Arab leaders, long divided by regional rivalries, condemned on Sunday a U.S. decision to recognise Israel's sovereignty over the Golan Heights and said Middle East stability depended on creating an Palestinian state.
Arab leaders, gathering at summit in Tunis, have been under popular pressure to reject Washington's action, while they also grapple with regional differences, including a bitter Gulf Arab dispute, splits over Iran's regional influence, the war in Yemen and unrest in Algeria and Sudan.
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The abrupt departure from the summit of Qatari Emir Sheikh Tamim bin Hamad al-Thani, who is locked in a row with Saudi Arabia and other Arab allies, suggested regional differences were not easily buried. No reason was given for his departure.
Saudi Arabia's King Salman bin Abdulaziz told Arab monarchs, presidents and prime ministers at the meeting that his country "absolutely rejects" any measures affecting Syria's sovereignty over the Golan Heights.
President Donald Trump's signed a proclamation last week recognising the Golan Heights as part of Israel, which annexed the area in 1981 after capturing it from Syria in 1967.
The Saudi king's condemnation echoed those of Arab officials before Sunday's summit of the Arab League, which usually ends with a final declaration agreed by the 22 member states.
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Trump's Golan decision followed a U.S. move less than four months ago to recognise Jerusalem as Israel's capital, a decision that also drew Arab condemnation. Palestinians want East Jerusalem as the capital of a future state.
Tunisian President Beji Caid Essebsi said Arab leaders also needed to ensure the international community understood the importance of the Palestinian cause to Arab nations.
Regional and international stability should come through "a just and comprehensive settlement that includes the rights of the Palestinian people and leads to the establishment of a Palestinian state with Jerusalem as its capital," Essebsi said.
U.N. Secretary-General Antonio Guterres, who addressed the meeting in Tunis, said any resolution to the Syrian conflict must guarantee the territorial integrity of Syria "including the occupied Golan Heights".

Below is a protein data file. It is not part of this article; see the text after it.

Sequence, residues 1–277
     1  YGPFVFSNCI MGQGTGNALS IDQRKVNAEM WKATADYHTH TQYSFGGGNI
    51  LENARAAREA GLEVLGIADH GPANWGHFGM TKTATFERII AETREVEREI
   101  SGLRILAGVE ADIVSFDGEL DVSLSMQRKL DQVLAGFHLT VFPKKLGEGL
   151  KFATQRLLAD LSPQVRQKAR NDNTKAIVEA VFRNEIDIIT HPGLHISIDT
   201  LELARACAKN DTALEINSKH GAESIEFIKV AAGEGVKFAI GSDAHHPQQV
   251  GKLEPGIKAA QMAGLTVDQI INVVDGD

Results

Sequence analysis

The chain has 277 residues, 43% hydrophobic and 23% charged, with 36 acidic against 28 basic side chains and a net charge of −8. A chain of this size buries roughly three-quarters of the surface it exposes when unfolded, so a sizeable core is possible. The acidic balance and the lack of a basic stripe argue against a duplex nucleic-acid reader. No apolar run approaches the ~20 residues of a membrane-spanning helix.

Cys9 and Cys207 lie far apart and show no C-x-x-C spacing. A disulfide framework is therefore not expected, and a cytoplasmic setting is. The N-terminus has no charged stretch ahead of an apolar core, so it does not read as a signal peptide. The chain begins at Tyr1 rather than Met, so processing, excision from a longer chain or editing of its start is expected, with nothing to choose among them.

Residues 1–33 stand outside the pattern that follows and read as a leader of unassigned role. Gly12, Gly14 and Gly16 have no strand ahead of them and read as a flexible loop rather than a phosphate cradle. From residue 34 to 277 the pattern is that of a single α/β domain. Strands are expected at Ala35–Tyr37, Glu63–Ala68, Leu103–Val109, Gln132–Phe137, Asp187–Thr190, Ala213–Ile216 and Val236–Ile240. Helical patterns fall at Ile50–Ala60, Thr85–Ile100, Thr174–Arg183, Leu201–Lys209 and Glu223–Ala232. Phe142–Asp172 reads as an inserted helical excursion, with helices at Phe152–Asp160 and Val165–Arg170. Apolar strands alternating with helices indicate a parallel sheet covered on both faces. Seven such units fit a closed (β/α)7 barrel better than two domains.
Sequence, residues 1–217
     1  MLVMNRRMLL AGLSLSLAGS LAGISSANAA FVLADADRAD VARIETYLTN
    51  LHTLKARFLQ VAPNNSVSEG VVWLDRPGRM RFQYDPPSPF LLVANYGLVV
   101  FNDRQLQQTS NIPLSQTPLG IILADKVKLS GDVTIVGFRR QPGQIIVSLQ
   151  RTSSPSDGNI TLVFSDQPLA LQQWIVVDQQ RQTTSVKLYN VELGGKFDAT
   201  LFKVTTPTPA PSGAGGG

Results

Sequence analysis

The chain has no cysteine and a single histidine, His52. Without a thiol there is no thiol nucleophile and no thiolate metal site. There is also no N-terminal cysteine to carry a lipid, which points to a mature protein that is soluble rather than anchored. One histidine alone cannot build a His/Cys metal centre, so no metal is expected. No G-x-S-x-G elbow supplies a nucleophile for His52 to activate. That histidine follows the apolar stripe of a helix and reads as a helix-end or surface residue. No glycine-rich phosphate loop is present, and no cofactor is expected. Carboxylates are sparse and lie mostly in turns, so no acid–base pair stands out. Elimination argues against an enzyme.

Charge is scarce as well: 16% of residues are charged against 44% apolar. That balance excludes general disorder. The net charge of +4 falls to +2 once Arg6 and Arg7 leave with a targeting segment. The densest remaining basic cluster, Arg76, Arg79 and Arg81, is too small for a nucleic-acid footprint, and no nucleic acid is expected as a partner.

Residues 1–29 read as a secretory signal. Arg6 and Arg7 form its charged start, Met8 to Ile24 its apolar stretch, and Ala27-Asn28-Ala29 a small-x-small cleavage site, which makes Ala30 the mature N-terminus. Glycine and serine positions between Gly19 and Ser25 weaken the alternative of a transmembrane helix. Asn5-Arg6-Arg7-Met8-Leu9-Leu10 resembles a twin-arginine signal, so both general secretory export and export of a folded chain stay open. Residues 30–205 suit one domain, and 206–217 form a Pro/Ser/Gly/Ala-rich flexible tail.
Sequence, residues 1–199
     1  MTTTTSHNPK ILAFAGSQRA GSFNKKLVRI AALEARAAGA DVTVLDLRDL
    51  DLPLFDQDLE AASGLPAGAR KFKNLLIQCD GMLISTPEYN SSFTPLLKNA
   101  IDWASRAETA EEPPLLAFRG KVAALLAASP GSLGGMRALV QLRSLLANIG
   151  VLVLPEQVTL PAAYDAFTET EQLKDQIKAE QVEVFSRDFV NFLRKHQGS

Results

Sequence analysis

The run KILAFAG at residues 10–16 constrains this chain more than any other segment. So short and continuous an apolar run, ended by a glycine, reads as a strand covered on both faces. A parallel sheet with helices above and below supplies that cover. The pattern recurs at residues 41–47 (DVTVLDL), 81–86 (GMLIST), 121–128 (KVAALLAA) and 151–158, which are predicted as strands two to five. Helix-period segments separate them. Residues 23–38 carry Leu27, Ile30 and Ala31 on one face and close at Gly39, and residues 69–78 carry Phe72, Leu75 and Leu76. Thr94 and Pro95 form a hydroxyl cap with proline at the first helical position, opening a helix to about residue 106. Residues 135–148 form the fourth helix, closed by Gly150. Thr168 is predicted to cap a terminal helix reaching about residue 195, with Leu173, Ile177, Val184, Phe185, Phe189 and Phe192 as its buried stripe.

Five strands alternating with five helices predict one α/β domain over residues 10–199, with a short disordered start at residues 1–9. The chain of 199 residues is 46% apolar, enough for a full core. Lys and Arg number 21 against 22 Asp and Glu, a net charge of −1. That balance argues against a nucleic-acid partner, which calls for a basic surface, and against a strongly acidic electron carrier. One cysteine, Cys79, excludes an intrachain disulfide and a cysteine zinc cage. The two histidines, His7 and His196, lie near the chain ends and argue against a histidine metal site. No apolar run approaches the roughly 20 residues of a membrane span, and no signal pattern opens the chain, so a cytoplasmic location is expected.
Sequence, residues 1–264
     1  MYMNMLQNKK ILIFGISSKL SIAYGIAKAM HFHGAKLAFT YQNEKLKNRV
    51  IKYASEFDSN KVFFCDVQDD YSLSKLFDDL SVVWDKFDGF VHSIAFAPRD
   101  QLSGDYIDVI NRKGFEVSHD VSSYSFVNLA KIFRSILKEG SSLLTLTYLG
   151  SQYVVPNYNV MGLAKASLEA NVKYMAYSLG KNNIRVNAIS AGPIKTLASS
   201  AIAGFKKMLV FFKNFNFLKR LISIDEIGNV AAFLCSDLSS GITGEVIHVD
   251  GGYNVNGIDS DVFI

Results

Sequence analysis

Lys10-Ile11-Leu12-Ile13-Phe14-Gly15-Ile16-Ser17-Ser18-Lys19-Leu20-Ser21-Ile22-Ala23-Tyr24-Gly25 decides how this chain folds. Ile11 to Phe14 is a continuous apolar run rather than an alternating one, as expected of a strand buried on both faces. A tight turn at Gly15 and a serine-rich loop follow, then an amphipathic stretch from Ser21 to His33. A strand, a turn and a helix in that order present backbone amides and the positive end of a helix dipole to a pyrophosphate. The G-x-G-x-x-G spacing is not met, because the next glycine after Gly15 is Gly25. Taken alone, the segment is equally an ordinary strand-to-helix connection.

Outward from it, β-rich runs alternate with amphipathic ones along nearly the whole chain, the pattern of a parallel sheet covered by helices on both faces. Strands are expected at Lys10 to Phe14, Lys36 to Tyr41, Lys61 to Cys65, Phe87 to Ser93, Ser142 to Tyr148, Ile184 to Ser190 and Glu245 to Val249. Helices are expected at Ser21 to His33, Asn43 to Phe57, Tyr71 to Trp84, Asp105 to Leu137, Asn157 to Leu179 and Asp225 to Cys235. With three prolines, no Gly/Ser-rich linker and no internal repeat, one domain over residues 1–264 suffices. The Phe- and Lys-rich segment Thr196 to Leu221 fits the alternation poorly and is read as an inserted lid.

The Tunis summit brought together the rulers of Saudi Arabia and Qatar for the first time at the same gathering since 2017 when Riyadh and its allies imposed a political and economic boycott on Doha.
But Qatar's emir left the summit hall shortly after Arab League Secretary-General Ahmed Aboul Gheit praised the way Saudi Arabia handled its rotating Arab League presidency last year, live television footage showed.
Qatar's state news agency did not say why Tamim left, but Tunisia's state news agency TAP said the rest of Qatar's delegation stayed.
Saudi Arabia, the United Arab Emirates, Bahrain and Egypt accuse Qatar of supporting terrorism and say it has been cosying up to Iran, a charge Doha denies.
The row has defied mediation efforts by Kuwait and the United States, which called Gulf Arab states to unite in opposition to Iranian influence in the region.
King Salman, whose country has long vied with Iran for influence, called for confronting what he called the "aggressive policies of the Iranian regime". He said Iran was interfering in Arab affairs, a charge Tehran dismisses.
Arab states remain divided over other issues, including how to deal with pro-democracy protests that have erupted in the region since 2011.
The leaders of Sudan and Algeria were not at Sunday's meeting as both nations have been roiled by anti-government protests.
Syria's seat at the summit was vacant. Damascus as been suspended from the League since 2011 over its crackdown on protesters at the start of its civil war. The League has said no consensus has yet been reached to allow Syria's reinstatement.